Exploring the Affect Society Has on the Shaping of Human Behavior

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  • Topic: Sociology, Erving Goffman, Behavior
  • Pages : 2 (643 words )
  • Download(s) : 249
  • Published : April 29, 2003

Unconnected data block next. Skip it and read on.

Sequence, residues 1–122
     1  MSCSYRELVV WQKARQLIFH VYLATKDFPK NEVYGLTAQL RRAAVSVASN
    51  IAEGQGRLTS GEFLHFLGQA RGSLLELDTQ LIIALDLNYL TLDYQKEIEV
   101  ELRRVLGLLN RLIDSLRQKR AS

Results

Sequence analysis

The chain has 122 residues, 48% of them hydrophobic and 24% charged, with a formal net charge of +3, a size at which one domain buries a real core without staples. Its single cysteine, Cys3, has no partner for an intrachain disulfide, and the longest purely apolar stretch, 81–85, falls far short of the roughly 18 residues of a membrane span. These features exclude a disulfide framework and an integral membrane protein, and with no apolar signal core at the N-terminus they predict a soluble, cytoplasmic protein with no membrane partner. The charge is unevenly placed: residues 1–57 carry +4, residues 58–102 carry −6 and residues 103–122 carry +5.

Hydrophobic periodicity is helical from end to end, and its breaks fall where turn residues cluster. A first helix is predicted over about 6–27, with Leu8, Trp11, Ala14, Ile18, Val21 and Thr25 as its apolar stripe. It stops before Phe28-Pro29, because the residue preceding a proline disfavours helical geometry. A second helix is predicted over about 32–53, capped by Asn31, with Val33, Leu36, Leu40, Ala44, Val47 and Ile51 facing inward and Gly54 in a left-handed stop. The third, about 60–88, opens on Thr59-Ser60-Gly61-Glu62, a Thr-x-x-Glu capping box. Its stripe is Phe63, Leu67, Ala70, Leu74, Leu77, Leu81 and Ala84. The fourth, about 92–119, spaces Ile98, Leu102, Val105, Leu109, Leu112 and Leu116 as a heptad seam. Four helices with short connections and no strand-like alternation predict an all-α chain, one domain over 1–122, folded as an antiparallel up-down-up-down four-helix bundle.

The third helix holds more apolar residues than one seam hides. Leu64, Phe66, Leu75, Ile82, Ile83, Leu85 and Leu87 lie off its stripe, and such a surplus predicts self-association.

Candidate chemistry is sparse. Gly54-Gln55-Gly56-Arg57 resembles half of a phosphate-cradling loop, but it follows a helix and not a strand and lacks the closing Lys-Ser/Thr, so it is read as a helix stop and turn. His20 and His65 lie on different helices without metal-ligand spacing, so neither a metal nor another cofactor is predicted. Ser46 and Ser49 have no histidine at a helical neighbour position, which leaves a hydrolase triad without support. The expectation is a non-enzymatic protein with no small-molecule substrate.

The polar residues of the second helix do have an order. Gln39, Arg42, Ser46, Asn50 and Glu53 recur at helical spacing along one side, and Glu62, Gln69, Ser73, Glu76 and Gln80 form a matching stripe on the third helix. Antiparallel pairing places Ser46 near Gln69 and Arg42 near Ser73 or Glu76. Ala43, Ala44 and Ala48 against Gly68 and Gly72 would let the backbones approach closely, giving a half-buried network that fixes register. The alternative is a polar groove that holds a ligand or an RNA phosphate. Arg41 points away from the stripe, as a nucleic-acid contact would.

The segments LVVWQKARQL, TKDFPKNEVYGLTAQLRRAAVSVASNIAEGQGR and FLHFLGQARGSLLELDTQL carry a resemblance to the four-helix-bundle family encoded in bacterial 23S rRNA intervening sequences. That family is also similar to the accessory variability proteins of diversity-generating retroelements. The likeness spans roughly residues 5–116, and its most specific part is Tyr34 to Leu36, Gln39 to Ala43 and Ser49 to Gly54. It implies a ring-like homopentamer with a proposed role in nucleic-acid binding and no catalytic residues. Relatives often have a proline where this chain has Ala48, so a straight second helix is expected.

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There are numerous aspects of social interaction used in the shaping of social relationships. For the purpose of this paper, I thoroughly examined the theories of "Self-perception" and "Social perception "I decided to focus on the views given by Sociologist's Erving Goffman and Charles Darwin throughout chapter four. According to sociologist Erving Goffman, social interaction should be compared to a theatrical performance, with the members of society playing the roles of actors or actresses. Performers often worry and stress prior to going on stage. They worry about what the spectators will think? Will they ever get another role? How will they know if the spectators like their performance, and if they don't what will happen to their career? Goffman believes "self-presenters sometimes worry about being judged incompetent; they often rehearse prior to their performance". However, performers are not the only individuals who are self -presenters. Society is full of norms and rules that are socially acceptable or unacceptable. These societal norms shape and mold the behavior of human behavior throughout society. Individuals, who try to fit into those norms and rules, often find themselves rehearsing their roles and behavior. For example, applicants going for job interviews often rehearse what they will, and will not say in the interview. An applicant also observes the interviewers body language and responses, in order to figure out if they are being accepted or rejected. Goffman, gives the example of an individual preparing "for a romantic dinner date, for instance, you might purchase your date's favorite wine, splash on some enticing cologne, and bring a romantic CD as a gift (the props) that will later be played at the right moment to properly set that stage for your romantic self-presentation. You might even practice your romantic gazes and postures in front of a mirror or rehearse a romantic speech beforehand" (Franzol, 85). The stated examples, illustrate the...
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